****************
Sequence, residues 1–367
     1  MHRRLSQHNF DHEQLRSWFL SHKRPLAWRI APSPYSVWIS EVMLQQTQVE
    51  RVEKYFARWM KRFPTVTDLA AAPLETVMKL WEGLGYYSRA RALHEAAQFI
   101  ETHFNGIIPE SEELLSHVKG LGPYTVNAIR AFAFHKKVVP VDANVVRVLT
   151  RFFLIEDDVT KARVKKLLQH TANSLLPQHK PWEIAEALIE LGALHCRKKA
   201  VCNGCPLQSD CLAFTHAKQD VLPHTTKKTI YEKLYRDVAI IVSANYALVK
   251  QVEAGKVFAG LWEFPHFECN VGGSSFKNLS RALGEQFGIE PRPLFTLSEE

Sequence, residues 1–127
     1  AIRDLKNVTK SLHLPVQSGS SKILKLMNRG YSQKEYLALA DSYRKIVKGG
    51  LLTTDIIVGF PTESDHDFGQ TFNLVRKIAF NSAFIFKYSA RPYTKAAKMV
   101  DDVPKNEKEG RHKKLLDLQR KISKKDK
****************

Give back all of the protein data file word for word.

Sequence, residues 1–367
     1  MHRRLSQHNF DHEQLRSWFL SHKRPLAWRI APSPYSVWIS EVMLQQTQVE
    51  RVEKYFARWM KRFPTVTDLA AAPLETVMKL WEGLGYYSRA RALHEAAQFI
   101  ETHFNGIIPE SEELLSHVKG LGPYTVNAIR AFAFHKKVVP VDANVVRVLT
   151  RFFLIEDDVT KARVKKLLQH TANSLLPQHK PWEIAEALIE LGALHCRKKA
   201  VCNGCPLQSD CLAFTHAKQD VLPHTTKKTI YEKLYRDVAI IVSANYALVK
   251  QVEAGKVFAG LWEFPHFECN VGGSSFKNLS RALGEQFGIE PRPLFTLSEE

Sequence, residues 1–127
     1  AIRDLKNVTK SLHLPVQSGS SKILKLMNRG YSQKEYLALA DSYRKIVKGG
    51  LLTTDIIVGF PTESDHDFGQ TFNLVRKIAF NSAFIFKYSA RPYTKAAKMV
   101  DDVPKNEKEG RHKKLLDLQR KISKKDK